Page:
Home > Blog > The importance of prebiotics in the first 1,000 days for gut health and immunity

The importance of prebiotics in the first 1,000 days for gut health and immunity

The first 1,000 days (from conception to age two) are widely accepted to be the most significant period in a child’s development²⁻³. During this formative time, a child’s organs and body systems grow rapidly, and are highly responsive to nutritional influence⁴. Therefore, this period offers a critical window to influence long-term health.

Building immunity from the start

The gut and immune system develop rapidly throughout the first 1,000 days, as babies move from a protected environment to one where they are exposed to lots of immune challenges.

Nutrition plays a significant role in influencing the gut microbiota, shaping the development of both the gut and the immune system⁵. From birth, microbes in the gut perform essential duties⁶:

  • The digestion and metabolism of food
  • The production of neurotransmitters that affect behaviour and cognitive function. The gut microbiota exerts influence over anxiety, mood, sociability and cognition
  • The development and activation of the immune system. The gut is the centre of the immune system — 70–80% of the body’s immune cells are in the gut⁷.

Supporting the maturation, diversity and condition of the gut microbiota through optimal nutrition in the first 1,000 days is fundamental for the development of a healthy immune system⁸`⁹, protecting against harmful bacteria, reducing risk of disease, and safeguarding future health⁹.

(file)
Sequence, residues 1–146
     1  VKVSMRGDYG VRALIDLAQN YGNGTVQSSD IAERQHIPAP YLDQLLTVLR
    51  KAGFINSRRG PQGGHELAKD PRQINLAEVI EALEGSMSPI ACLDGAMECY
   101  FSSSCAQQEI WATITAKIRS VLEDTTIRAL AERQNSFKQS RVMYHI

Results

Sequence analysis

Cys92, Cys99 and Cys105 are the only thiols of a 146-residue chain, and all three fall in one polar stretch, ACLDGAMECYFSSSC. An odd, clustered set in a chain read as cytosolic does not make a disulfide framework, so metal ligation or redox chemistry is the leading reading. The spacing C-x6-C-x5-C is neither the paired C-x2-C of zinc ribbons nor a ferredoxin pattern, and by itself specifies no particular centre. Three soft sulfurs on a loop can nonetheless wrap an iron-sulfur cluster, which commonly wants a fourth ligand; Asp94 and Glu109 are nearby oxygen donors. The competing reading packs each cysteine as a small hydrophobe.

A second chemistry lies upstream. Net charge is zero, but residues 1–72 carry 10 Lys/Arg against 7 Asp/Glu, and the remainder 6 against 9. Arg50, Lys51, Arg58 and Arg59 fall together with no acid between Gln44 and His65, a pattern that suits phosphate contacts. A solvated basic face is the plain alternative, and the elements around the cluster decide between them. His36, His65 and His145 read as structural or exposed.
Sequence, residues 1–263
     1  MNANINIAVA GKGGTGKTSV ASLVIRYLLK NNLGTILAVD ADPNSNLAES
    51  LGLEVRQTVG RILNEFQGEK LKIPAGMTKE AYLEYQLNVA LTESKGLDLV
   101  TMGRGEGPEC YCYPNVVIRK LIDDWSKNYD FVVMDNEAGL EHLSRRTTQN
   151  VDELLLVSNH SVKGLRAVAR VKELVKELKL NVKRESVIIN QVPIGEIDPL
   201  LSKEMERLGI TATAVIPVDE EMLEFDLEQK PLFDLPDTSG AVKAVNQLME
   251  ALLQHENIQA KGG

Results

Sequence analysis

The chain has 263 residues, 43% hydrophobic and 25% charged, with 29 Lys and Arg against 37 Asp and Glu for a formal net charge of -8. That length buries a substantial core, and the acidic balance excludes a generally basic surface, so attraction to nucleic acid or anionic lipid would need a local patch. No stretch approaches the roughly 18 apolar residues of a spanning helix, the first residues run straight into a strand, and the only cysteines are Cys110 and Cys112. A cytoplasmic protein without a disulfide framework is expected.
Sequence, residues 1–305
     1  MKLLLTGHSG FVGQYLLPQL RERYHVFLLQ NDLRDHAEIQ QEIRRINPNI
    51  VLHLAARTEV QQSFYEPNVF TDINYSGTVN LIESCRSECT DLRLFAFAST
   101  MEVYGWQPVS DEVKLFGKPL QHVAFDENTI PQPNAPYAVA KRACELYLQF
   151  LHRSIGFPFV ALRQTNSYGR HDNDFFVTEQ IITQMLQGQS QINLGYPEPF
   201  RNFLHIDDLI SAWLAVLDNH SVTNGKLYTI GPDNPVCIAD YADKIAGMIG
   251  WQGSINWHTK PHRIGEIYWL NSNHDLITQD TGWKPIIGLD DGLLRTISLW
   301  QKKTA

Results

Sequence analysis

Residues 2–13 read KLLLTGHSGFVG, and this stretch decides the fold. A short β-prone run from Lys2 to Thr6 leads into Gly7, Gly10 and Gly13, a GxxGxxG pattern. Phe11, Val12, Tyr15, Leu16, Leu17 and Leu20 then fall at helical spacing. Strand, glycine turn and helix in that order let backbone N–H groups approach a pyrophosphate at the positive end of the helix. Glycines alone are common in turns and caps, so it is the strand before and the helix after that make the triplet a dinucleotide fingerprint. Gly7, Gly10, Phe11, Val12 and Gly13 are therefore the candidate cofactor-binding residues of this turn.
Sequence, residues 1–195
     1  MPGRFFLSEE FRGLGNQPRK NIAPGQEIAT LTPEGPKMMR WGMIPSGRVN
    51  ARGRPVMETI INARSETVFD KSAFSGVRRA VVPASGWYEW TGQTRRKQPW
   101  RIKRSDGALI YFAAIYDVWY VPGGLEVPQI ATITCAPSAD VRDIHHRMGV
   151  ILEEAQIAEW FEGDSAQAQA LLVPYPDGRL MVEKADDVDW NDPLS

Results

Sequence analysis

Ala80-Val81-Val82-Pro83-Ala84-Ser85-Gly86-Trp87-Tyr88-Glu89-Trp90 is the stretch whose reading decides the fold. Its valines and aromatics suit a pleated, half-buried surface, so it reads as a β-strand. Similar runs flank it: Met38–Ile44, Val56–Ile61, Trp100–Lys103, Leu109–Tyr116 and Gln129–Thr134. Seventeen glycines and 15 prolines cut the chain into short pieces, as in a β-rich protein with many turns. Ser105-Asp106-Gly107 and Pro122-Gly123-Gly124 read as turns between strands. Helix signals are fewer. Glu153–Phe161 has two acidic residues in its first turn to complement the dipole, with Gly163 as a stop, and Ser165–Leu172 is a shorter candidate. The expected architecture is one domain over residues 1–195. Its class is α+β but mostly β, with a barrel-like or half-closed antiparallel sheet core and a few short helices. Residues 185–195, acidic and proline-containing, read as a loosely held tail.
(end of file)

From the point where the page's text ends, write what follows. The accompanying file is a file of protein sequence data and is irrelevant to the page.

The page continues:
Prebiotic power

Breastmilk is the best form of nutrition for babies, containing all of the nutrients required to support a baby’s healthy growth and development in the first six months (see Figure 1.¹⁰⁻¹¹).

In early infancy, nutrition greatly influences the composition of the gut microbiota, and in turn, the emerging immune system⁵`¹²⁻¹³.

The composition of breastmilk is complex; it helps to strengthen baby’s developing immune system by providing protective bioactive elements such as prebiotic oligosaccharides, live bacteria and metabolites¹⁴⁻¹⁵. These prebiotic oligosaccharides help to positively shape the infant’s gut microbiota, promoting the growth of beneficial or ‘friendly’ bacteria (e.g: bifidobacteria and lactobacilli)⁸`¹⁶.

Prebiotics are non-digestible carbohydrates. They travel to the gut intact and are fermented by the friendly bacteria that reside there¹⁷. Postbiotics are produced by this natural fermentation process in the gut, including short chain fatty acids (SCFAs)¹⁸, which help to maintain the gut barrier and have been shown to influence immune function⁵.

Supporting immunity from the start

Immunity-boosting, naturally occurring prebiotics in breastmilk are just one of the many incredible ways in which breastmilk offers infants the very best start in life. In early infancy, babies are dependent on milk as the sole form of nutrition, and it is important that all nutritional needs are met, which is why the World Health Organization recommends exclusive breastfeeding for the first six months of a baby’s life¹⁹.

Nutricia Early Life Nutrition is at the forefront of breastmilk research, committed to increasing the understanding of its unique composition, power and influence on early life development. Because of this pioneering research, babies who are combination fed, or who receive formula exclusively, can continue to benefit from innovations such as prebiotics to promote the development of a healthy and diverse gut microbiota.



Our careline

Our free healthcare professional helpline is open from 8am to 8pm, Monday to Friday. Just phone 0800 996 1234 for expert advice on infant feeding and nutrition, including common infant feeding problems such as cows’ milk allergy, colic, constipation and reflux.